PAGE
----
Gov. Abbott’s newest nominations signal change in the right direction for UT

The UT System regents have seen their roles transformed in recent years from often mundane bureaucrat to flag bearer for one or the other side in the ideological battles over higher education. Former Gov. Rick Perry and his ilk, led by Regent Wallace Hall, went on numerous crusades in the past years in search of controversial educational reforms throughout the state. In their grand vision, this University — the state's flagship — would be reduced to a second-rate trade school, as scholastic research would be heavily eschewed in favor of quickly producing diplomas.  

This did not sit well with William Powers Jr., the president of this University, and the battle lines were soon drawn. With Gov. Greg Abbott just taking office, and three regent spots open just next month, we have impatiently waited to see if our new governor would follow the anti-intellectual, asinine choices of his predecessor. 

Thankfully, as a result of his new picks and renomination to the Board of Regents, the answer looks to be an emphatic no. Abbott nominated Regent Steve Hicks, a vociferous opponent of Perry and Hall's antics, for another term on the board. He also nominated David Beck and Sara Martinez Tucker, respectively, to other positions. All three individuals are expected to be easily confirmed by the state Senate.  

According to the Texas Tribune, Beck was instrumental in the creation of the Texas Coalition for Excellence in Higher Education, a group that has been sharply critical of both Perry's proposals and Hall's conduct. Tucker, meanwhile, served as Undersecretary of Education during the last Bush administration. Additionally, unlike Perry's key picks, she did not donate to the Governor beforehand.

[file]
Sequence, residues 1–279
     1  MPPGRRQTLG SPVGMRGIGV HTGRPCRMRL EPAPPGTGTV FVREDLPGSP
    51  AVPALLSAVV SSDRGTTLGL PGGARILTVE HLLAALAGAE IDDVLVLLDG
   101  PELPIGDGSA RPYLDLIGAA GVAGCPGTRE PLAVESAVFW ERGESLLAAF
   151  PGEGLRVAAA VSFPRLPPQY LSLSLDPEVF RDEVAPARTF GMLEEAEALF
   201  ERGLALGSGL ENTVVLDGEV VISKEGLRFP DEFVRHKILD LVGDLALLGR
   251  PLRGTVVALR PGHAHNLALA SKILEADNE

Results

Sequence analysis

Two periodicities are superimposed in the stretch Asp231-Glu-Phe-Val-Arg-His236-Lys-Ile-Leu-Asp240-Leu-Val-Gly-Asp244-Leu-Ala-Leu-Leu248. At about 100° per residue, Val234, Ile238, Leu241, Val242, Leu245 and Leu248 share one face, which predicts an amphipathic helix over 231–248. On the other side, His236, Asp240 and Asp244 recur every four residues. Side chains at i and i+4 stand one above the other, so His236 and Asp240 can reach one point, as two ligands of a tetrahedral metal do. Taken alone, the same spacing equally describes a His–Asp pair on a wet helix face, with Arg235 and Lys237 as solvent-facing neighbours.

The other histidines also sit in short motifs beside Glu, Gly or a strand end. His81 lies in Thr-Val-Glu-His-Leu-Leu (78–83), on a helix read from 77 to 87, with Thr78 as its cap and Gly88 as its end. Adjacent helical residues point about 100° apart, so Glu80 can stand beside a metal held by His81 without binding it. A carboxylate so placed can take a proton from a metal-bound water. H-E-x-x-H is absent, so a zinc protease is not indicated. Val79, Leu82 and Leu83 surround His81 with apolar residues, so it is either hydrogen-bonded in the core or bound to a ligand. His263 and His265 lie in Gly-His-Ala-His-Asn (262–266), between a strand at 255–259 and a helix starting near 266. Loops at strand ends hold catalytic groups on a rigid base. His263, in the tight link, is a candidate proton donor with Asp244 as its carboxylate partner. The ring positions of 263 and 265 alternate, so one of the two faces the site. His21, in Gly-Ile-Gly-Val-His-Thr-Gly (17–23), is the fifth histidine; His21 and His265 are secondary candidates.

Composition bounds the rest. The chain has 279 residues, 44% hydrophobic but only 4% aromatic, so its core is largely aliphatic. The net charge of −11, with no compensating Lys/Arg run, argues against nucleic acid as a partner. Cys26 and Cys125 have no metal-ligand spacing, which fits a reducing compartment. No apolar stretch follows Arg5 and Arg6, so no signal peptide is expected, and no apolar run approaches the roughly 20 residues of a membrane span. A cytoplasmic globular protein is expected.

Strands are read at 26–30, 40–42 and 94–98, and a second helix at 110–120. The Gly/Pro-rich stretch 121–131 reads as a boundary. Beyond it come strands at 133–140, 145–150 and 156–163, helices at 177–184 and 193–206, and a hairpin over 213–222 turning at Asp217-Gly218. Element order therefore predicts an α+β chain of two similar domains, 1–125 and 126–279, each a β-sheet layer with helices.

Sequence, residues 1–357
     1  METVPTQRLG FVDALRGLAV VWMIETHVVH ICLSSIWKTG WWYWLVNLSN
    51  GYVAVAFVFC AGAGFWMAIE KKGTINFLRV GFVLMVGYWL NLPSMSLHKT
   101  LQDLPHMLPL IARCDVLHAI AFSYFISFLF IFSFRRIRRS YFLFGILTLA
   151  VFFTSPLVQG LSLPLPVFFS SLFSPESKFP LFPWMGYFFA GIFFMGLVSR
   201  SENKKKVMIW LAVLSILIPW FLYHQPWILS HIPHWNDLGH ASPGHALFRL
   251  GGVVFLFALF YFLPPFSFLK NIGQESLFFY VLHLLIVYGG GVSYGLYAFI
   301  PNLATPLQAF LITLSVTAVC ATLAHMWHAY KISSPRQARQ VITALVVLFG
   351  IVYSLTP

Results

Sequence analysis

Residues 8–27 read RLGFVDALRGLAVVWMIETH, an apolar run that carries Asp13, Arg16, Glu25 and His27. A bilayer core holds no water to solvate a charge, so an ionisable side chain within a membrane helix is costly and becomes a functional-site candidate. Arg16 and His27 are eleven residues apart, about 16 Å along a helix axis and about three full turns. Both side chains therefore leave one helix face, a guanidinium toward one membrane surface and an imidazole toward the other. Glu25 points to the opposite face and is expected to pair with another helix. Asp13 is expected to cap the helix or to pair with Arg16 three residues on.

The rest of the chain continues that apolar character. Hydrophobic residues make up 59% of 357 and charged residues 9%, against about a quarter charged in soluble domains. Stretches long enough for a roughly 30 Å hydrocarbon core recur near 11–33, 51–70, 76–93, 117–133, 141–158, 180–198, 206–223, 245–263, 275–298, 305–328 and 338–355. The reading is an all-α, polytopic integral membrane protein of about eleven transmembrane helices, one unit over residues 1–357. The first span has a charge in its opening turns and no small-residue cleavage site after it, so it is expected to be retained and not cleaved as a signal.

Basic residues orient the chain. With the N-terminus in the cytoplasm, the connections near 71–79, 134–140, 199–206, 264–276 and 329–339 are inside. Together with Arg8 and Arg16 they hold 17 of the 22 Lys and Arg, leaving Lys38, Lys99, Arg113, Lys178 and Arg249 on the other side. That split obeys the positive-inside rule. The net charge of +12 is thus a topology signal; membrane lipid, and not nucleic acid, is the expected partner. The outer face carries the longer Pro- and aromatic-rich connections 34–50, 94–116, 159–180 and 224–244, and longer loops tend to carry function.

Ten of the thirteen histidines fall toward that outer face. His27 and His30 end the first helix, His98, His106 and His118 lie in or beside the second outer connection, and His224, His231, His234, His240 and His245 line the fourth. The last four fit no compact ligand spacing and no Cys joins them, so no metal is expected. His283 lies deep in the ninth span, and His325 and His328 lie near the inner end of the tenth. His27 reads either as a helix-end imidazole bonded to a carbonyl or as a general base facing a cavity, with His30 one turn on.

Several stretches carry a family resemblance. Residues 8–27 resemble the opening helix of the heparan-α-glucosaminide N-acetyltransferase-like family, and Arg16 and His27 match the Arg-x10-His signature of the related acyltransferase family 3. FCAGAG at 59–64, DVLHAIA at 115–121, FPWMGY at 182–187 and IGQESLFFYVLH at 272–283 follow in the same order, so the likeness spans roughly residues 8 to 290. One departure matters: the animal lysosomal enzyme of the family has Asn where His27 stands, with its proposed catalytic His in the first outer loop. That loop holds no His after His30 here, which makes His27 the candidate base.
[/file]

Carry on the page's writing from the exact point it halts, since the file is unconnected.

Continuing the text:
In taking these little steps, Abbott has already changed gubernatorial policy toward this University. His actions appear to cement a desire to transform the UT regent back into the bureaucrat it once was, whose biggest priority is the success of the universities and not ideological bosses or cadres.  

Michael Quinn Sullivan, a right-wing activist who has been among Hall's biggest backers, is already unhappy. In a recent post for his website, Empower Texans, Sullivan blasted Tucker in particular, castigating — among other things — her alleged ties to the controversial evaluation system in schools known as "Common Core."   

Indeed, with such a strong pivot away from Perry's deleterious ways, Abbott will encounter some resistance. But we believe the gratitude he will receive from all of us at this University, who have overwhelmingly opposed Perry and Hall's schemes, will far outweigh that resistance.